Power pop legends Flamin' Groovies make sure the show goes on

The Flamin' Groovies gig at The Cluny was their first in Newcastle for many years. Pic: Mick Burgess.
The Flamin' Groovies gig at The Cluny was their first in Newcastle for many years. Pic: Mick Burgess.

While the Spice Girls were Zig-a-Zig-Ahhhing across the region at Sunderland's Stadium of Light, something far more historic was taking place over the water.

The godfathers of power pop, the Flamin' Groovies, were in the much more intimate surroundings of The Cluny, making their first appearance in Newcastle in what seems like a lifetime.

The Flamin' Groovies gig at The Cluny was their first in Newcastle for many years. Pic: Mick Burgess.

The Flamin' Groovies gig at The Cluny was their first in Newcastle for many years. Pic: Mick Burgess.

The fact this tour went ahead is in itself something of a miracle, as lead singer Roy Loney was hospitalised after a fall in San Francisco airport on the way to the UK.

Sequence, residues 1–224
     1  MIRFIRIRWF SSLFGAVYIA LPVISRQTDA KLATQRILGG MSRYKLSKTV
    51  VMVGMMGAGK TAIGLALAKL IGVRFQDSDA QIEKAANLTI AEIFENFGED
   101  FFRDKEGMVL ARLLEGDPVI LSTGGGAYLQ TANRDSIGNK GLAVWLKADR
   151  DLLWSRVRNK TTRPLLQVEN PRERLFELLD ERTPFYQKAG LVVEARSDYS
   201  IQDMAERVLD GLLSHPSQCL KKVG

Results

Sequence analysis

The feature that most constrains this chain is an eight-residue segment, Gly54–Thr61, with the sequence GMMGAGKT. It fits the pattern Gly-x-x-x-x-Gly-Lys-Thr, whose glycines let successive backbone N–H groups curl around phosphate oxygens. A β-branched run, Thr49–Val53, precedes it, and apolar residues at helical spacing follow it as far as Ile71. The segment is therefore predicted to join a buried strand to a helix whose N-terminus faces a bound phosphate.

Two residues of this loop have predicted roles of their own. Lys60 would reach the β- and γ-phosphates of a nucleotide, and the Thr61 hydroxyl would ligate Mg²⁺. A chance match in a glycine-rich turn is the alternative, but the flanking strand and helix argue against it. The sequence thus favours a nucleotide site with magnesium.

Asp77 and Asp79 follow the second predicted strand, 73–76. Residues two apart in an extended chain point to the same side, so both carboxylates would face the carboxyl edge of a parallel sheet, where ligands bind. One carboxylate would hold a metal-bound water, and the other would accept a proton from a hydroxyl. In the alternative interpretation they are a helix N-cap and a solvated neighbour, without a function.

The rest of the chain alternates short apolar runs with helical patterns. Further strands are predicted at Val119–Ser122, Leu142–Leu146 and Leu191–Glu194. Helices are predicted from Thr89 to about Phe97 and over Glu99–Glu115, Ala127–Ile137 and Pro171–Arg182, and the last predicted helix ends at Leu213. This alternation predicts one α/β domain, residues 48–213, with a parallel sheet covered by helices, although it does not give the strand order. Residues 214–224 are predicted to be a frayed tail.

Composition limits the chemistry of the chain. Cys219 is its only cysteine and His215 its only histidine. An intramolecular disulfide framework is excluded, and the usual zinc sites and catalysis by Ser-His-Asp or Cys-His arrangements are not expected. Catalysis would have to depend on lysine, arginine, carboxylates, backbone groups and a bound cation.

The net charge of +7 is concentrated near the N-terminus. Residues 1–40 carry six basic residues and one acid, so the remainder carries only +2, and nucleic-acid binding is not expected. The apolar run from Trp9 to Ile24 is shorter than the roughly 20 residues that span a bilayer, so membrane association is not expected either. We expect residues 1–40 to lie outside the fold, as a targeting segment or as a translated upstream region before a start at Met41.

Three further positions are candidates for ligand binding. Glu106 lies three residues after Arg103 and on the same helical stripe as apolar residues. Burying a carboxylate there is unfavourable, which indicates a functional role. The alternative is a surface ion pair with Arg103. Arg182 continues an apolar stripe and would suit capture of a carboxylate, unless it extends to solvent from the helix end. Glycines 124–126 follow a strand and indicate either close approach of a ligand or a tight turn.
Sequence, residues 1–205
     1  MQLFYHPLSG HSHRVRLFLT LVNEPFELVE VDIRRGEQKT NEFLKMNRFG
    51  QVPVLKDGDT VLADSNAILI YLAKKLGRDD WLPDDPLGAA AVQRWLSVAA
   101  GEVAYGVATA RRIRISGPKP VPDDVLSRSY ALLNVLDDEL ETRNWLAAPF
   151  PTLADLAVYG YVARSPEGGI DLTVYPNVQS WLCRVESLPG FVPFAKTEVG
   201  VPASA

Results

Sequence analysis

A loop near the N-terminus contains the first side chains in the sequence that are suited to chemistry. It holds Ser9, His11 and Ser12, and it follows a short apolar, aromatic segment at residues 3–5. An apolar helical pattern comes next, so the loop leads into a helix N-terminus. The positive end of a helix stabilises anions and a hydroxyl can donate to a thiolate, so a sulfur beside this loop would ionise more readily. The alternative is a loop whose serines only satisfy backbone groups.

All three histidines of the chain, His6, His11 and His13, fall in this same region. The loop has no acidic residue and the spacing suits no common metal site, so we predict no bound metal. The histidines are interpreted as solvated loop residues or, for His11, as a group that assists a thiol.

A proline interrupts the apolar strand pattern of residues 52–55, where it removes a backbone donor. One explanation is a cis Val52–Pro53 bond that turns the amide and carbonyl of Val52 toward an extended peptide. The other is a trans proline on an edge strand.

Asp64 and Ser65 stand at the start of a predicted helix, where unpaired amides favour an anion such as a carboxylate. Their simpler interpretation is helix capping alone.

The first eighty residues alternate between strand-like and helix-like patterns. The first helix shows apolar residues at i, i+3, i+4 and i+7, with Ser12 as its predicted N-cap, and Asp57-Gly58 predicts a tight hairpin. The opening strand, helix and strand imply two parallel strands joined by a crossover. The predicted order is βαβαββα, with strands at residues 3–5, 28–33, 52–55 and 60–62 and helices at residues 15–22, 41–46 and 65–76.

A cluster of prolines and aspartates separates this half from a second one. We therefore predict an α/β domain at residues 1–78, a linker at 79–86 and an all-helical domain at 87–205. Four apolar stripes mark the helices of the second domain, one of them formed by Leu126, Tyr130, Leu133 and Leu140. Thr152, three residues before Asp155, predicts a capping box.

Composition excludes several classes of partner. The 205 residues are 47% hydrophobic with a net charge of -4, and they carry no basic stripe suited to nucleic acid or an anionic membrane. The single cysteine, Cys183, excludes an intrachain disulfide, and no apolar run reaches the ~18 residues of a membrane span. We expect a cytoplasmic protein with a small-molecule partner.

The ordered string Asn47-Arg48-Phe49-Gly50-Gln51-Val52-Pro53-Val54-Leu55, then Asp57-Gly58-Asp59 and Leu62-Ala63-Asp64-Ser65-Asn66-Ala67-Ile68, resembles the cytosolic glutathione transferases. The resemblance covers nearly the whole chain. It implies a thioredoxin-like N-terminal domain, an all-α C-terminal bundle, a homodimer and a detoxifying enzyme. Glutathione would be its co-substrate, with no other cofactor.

But following the tried and tested mantra of “the show must go on”, the remaining Groovies decided to continue as a four-piece, much to the relief of their rabidly enthusiastic cult following.

Shake Some Action, described by many critics as the greatest slice of power pop ever committed to vinyl, was a bold opening statement.

Imagine the glorious melodies of The Beatles and the shimmering harmonies of the Byrds all wrapped up in gut-punching guitars turned up to 11 and you'll not be far off the mark.

The Flamin' Groovies are regarded as the godfathers of power pop. Pic: Mick Burgess.

The Flamin' Groovies are regarded as the godfathers of power pop. Pic: Mick Burgess.

Originally formed in the late '60s, their proto-punk rock 'n' roll of the Roy Loney era morphed into the power pop style of the Chris Wilson years, which went on to influence the likes of Cheap Trick, The Dictators, Blondie - and every other band that sang a pop tune with the guitars turned up super-loud.

Original guitarist Cyril Jordan handled the bulk of the lead vocals on the more breezy Don't Put Me On and First Plane Home, while guitarist Chris Von Sneidern took the tougher-edged, slide guitar-fuelled High Flyin' Baby, and drummer Tony Sales the rock 'n' roll romp of Have You Seen My Baby, with the wonderfully-named bassist Atom Ellis providing backing vocals throughout.

The menacing driving groove of Teenage Head and the classic Slow Death brought the show that almost didn't happen - but thank goodness it did - to a riotous end.